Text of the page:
David Chan

    David Chan getting after it! Instructor

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    Sent Karlo feedback and follow up questions via Private message to allow the thread to be less "influenced" by questions/clarifications for now.
     
  5. Skisailor

    Skisailor Laziest Skier on the Mountain Team Gathermeister

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    Bozeman, Montana
    Not intended to be an exhaustive MA, but within the framework of the Fundamentals, a few observations:

    1) There is very little movement into the turn. As a result, the COM is generally behind the BOS, only catching up to the BOS at transition and then drifting back again (due in part to relatively more knee flex than ankle flex after transition - but see also paragraph 5 below).

    2) Slight ski tip divergence is occurring, likely a result of the skier properly directing pressure to the outside ski but with too little attention being paid to tipping the light inside leg/ski. In addition, the COM aft of BOS results in lighter tips which cannot be as precisely controlled, particularly in the uneven snow.

    3) Rotation is being employed but is occurring in the spinal column - not being achieved with leg rotation. Hips face the ski tips even when head and possibly shoulders are facing more down the hill.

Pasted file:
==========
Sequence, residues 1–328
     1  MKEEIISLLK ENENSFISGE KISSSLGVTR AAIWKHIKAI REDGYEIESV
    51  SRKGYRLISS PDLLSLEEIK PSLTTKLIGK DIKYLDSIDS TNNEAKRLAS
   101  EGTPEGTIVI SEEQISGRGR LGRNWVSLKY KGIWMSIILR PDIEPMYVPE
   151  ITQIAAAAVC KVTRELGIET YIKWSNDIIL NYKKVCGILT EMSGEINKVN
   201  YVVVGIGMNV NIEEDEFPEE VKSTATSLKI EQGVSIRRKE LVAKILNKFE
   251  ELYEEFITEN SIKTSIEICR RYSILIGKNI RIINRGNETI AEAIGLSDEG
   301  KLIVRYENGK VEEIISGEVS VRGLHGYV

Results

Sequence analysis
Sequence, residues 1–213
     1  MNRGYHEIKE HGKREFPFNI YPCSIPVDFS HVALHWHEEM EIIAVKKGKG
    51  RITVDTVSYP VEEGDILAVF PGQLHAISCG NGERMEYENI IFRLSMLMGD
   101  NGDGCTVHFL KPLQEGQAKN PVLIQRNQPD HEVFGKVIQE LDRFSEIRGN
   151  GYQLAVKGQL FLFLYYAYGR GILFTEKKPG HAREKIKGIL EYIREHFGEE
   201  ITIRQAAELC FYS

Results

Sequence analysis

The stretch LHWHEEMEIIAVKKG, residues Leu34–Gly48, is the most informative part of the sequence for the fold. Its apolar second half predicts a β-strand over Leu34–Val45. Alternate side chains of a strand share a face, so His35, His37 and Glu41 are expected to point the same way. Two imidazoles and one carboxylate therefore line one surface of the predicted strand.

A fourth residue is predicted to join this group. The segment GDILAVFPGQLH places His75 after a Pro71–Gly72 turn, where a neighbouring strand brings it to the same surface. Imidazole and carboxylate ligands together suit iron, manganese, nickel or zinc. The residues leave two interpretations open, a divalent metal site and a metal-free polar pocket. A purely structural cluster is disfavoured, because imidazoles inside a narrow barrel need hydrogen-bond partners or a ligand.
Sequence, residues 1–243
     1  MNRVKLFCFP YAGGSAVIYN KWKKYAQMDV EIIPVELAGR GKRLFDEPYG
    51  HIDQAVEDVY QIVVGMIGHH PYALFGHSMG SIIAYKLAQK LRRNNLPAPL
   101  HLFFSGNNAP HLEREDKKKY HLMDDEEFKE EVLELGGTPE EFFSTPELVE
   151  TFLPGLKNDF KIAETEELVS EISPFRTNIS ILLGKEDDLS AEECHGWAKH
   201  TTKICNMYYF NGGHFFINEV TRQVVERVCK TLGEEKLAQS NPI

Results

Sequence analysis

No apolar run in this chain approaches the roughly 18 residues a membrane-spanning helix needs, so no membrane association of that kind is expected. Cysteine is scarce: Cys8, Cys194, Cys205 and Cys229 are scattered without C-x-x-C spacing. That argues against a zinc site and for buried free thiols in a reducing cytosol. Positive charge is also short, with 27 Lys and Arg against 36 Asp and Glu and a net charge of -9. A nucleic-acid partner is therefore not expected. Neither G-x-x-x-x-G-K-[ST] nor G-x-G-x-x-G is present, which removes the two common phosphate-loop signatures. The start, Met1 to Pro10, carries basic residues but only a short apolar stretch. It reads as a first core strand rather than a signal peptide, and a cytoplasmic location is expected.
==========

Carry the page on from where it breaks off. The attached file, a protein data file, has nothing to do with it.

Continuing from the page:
4) Skier uses rotation in the spinal column coupled with hip flexion to achieve angulation. Skier avoids whole body inclination. Max edge angle occurs after the fall line and snow spray at max pressure confirms COM behind BOS.

    5) Skier uses extension of both legs to initiate the turns rather than flexion of both legs or “pedaling”. At transition when skis are flat, skier’s COM finally catches back up to the BOS, but in subsequent moments, the skier’s COM moves laterally inside the turn too quickly (rather than the old “foreagonally”), so the COM quickly gets behind the BOS again.

    6) A word on pole touches - Pole touch timing seems pretty good - maybe a bit late once or twice, But in just a couple of the turns - from the "aft/inside COM" position, the skier gives the appearance of reaching down the hill and uses an upward arm motion rather than just a wrist motion. This, coupled with the skier's lateral move inside and lowered inside hand, results in an outside hand that is quite a bit higher than the inside hand - again, not on every turn.
     


  6. karlo

    karlo Out on the slopes Skier

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    Interesting, re-reading what I wrote. When MA is a description of what is happening, coupled with what is not happening, it can come across as judgmental as opposed to clarification. Last April, in a lesson I took at Big Sky, the instructor initiated a discussion regarding the various ways leg extension/flex combinations one can use to transition, then asked us what we think we did or what we saw. From that discussion, it was clear that we were trying to distinguish and discern one ext/flex pattern from another, not judging if one was right or wrong. Im finding this MA stuff to be hard!
     
    David Chan likes this.
  7. karlo

    karlo Out on the slopes Skier

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    Of course, if we were doing MA on this, there’d be no alternatives to contemplate, since everything MS does is the most apppropriate and perfect. :)

    Don’t forget to unmute the audio.